It revealed that the final sale price was $97 million. Crunchbase reports that Eero took $90 million in venture capital (the Wall Street Journal put the number at $100 million). PitchBook, a highly accurate source of VC information, claimed a final $40 million Series D fundraising round from December 2017 brought that number up to $138 million. Eero declined to comment, instead pointing to a March 12 blog post confirming the sale.

An additional $10 million debt line Eero took out brings the total money put into the company at $148 million — 150 percent of the Amazon sale price.

[…]

The documents state that after transaction costs and debt, the actual price will be closer to $54.6 million. That means that Amazon is covering around $40 million of the debt that Eero owes. Ex-employees believe the debt to be from hardware manufacturing costs, since they said that Eero took on corporate financing to actually manufacture the products.

3 Comments

@Robert is wrong about there not being safe ones. That's just ridiculous. I have a small side gig picking routers that are third party firmware safe and installing said firmware. Works fine. But even if I stick to first party firmware, there's a nice selection out there.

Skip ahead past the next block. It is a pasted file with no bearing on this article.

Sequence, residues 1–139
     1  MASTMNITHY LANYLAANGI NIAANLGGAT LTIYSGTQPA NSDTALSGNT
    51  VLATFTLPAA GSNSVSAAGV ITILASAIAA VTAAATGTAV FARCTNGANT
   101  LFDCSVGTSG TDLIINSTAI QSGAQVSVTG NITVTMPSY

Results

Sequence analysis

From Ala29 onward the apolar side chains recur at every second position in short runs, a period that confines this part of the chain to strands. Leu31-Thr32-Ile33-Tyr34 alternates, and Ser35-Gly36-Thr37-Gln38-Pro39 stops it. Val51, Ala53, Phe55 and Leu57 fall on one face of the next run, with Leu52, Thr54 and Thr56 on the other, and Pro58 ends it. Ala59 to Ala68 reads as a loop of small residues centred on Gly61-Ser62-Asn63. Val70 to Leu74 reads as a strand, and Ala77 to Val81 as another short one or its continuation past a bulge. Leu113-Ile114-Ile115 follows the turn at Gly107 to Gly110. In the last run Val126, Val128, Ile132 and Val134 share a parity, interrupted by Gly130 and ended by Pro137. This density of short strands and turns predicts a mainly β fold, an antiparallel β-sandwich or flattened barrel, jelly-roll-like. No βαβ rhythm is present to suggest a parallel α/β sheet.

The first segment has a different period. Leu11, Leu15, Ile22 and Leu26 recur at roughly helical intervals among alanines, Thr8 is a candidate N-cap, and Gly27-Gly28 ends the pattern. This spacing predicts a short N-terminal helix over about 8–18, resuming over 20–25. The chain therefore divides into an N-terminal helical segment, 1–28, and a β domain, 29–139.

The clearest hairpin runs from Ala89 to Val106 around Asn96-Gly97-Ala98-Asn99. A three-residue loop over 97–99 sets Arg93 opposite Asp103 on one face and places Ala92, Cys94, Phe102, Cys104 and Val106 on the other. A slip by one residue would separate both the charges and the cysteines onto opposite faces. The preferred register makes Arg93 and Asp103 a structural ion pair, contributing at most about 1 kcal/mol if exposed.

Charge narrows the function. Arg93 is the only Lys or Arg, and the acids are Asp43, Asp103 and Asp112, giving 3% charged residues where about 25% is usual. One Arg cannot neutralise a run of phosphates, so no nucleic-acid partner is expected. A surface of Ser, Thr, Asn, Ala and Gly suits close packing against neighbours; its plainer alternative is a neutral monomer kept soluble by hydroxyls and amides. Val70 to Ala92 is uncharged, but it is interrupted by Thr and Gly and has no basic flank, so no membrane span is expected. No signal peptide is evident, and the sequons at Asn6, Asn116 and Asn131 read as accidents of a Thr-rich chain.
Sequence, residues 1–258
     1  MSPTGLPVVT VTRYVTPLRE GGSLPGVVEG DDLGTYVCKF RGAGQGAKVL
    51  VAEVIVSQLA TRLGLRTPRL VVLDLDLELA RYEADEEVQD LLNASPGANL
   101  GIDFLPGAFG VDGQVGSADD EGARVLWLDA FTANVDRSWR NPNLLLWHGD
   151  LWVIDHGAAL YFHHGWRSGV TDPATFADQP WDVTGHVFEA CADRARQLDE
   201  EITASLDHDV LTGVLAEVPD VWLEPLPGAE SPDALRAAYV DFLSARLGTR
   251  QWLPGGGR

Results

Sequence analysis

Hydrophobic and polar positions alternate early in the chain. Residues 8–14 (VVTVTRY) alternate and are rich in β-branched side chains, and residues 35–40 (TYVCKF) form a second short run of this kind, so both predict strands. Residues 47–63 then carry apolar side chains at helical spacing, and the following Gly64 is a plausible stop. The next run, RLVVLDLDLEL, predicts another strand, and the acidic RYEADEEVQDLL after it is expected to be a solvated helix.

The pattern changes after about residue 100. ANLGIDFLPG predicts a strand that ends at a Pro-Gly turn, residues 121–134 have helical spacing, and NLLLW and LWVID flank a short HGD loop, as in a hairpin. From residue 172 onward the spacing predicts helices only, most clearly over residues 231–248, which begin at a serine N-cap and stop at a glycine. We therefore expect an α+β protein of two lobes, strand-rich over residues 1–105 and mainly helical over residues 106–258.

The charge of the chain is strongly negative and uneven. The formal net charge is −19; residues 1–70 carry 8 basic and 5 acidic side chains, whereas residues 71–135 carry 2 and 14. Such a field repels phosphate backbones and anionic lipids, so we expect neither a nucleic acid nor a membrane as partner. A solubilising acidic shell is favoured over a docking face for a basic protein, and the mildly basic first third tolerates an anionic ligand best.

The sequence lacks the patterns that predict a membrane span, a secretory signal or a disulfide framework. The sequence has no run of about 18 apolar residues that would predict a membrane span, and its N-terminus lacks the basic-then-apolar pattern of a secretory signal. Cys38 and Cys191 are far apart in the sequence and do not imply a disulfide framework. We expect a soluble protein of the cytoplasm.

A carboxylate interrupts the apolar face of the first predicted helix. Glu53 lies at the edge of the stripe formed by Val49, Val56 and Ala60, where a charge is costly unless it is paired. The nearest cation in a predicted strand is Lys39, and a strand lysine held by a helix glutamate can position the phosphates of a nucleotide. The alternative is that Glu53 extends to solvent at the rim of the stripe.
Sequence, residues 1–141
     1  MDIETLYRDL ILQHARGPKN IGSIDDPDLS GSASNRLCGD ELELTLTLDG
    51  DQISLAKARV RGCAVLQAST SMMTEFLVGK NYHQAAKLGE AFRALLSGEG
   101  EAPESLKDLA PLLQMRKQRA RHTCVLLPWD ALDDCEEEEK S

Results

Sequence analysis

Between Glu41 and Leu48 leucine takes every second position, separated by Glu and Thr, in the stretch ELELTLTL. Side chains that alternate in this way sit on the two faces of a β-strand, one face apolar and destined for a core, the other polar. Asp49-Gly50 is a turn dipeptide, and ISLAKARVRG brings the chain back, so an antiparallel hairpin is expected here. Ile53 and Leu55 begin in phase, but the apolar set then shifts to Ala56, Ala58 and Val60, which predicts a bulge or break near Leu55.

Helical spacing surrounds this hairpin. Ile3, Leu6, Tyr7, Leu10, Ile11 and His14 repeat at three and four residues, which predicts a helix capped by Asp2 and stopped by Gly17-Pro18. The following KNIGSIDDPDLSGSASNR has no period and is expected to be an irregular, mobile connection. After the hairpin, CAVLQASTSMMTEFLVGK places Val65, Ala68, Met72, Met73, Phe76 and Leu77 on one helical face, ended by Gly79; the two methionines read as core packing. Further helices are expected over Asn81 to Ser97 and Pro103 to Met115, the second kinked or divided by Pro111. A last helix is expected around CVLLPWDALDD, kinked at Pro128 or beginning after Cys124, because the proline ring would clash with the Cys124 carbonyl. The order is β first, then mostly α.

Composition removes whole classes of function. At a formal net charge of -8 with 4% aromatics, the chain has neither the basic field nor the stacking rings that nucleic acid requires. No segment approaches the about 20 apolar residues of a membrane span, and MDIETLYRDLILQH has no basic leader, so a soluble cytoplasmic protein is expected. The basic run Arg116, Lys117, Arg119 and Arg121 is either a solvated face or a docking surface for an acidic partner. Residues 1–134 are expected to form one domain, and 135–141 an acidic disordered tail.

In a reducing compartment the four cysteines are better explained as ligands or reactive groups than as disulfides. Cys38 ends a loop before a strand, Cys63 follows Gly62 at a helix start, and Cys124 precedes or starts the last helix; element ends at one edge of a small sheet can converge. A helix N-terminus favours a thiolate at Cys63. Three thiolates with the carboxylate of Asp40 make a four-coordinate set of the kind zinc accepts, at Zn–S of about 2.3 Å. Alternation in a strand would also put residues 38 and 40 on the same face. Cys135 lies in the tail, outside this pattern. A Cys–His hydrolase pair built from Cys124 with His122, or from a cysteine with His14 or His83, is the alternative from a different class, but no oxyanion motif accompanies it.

Also, @Rosyna, Apple started the trend of stupidly unnecessary tie ins just to use their routers, Google and perhaps now Amazon are simply continuing the trend. I will not, I repeat, will not purchase a router that requires an app for management or any kind of online account. Apple failed at the former, many "easy to use" models fail at one or both of those points.

@Nathan Apple didn’t require an account, just a Mac or iOS device.

I know. That's why I attempted to draw a distinction between the two. Let's be honest, the app requirement was simply a way for Apple to have control of the ecosystem. There was very little value added. I don't think either should be required. Making a proper web interface isn't exactly hard. A good app should add value not be a requirement. Same for any kind of account access.